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2D Arrays

 
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Okay, I was wondering if an array(of primitives/references) is an Object, then is a 2d array an Object as well or an array of Objects i.e.

int[] i;
Object o=i

But if we have-

int[][] ii;

Which of the following is true -
Object[] o=ii;
OR
Object o-ii;

Thanks!
 
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Why don't you try it?
 
Bartender
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Are you sure that it's one or the other? Can't it be both?
 
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Wouter is right, it can be both.

This code output:
ii is an Object
ii is an Object[]
ii[0] is an Object




 
k reeta
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Wow, thank you!!
 
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According to k&B Java 5 table 4-1 pg 286 if first operand is ref of Foo[] and instanceof operand is Foo Bar Face, it will return false but it is returning true. Can you explain?

interface Face{}

class Bar implements Face{}

public class Foo extends Bar{

public static void main(String [] args){

Foo[] f = new Foo[5];

if (f instanceof Foo[]) System.out.println("true"); // Prints true

// if (f instanceof Foo) System.out.print("1 "); // it does not compile



}

}
What should I do fix the code?

Thanks


 
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Ruchika Si wrote:According to k&B Java 5 table 4-1 pg 286 if first operand is ref of Foo[] and instanceof operand is Foo Bar Face, it will return false but it is returning true. Can you explain?

interface Face{}

class Bar implements Face{}

public class Foo extends Bar{

public static void main(String [] args){

Foo[] f = new Foo[5];

if (f instanceof Foo[]) System.out.println("true"); // Prints true

// if (f instanceof Foo) System.out.print("1 "); // it does not compile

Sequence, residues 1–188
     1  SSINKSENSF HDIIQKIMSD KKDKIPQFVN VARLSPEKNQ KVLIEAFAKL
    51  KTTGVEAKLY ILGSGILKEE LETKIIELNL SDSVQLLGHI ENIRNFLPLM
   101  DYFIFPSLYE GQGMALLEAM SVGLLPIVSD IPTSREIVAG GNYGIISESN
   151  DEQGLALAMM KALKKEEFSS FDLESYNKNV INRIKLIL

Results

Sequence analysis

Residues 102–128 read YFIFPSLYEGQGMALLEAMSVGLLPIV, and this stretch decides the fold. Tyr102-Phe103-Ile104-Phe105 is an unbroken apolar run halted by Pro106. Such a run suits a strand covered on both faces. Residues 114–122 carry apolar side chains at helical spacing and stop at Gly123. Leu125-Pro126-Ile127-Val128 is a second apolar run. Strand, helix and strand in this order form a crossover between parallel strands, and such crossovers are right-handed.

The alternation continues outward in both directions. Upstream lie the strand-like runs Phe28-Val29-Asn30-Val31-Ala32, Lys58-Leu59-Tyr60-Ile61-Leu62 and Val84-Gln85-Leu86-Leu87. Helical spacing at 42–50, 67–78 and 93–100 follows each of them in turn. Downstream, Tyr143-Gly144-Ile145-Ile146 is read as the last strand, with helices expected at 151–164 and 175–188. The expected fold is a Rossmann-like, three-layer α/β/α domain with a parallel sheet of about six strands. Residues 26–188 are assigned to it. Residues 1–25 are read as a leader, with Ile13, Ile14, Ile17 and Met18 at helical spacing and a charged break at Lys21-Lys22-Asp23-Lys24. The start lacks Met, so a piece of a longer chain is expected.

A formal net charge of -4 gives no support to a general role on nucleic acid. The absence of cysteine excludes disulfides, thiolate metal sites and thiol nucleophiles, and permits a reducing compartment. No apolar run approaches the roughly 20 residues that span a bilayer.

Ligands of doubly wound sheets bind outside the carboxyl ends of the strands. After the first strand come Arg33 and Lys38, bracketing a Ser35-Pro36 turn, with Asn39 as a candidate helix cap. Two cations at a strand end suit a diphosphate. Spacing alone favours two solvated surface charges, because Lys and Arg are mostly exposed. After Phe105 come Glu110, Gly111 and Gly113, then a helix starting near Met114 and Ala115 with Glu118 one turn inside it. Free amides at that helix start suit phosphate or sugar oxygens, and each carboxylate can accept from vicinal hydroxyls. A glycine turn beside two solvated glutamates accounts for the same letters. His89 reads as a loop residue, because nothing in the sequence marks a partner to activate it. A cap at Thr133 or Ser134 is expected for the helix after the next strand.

}

}
What should I do fix the code?

Thanks



Ikpefua wrote:


Hello Ruchika, I want to try and help by explaining my understanding of arrays based on what I studied in the K & B book.
should be read as follows: "Declaration of a reference variable f of that refers to an object of type Foo".
should be read as follows: "Declaration of a reference variable f that refers to an ARRAY OBJECT that holds a total of 5 'f' of type Foo".

Hint: Remember that an array[] is an object whose principal duty -amongst others- is to hold reference variables of a particular type,
so this '[5]' means: "Hey I am an Object (NOT A FOO OBJECT), and I contain a total of 5 'f' of type Foo".

Summary: An array Object is NOT the same thing as a Foo Object. (Precisely what the instanceof test is telling you)

I hope this helps, sincerely speaking arrays gave me headache at a time till I got to understand it.
 
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Ruchika.

instanceof can only be used with an object that can possibly be of the righthand operand. You would get the same result if you tried:



These are two entirely different inheritance trees, and therefor will not compile.
However, if you would cast the Integer to Object, then the compiler has no idea if the object is indeed a String, so it will compile it and let the instanceof operator decide at runtime if it is true or false.



The same thing goes for your code, because an object of type: Foo[] is not in the inheritance tree of Foo. This goes for the array of any object type; an array object is not in the same tree as the class itself. The tree looks as follows for a class A that extends Object:

A[] <- Object[] <- Object

As you can see, class A is not in that tree, and therefor the code will not compile the instanceof test because the compiler knows that it can't be true.

// Andreas
 
Don't get me started about those stupid light bulbs.
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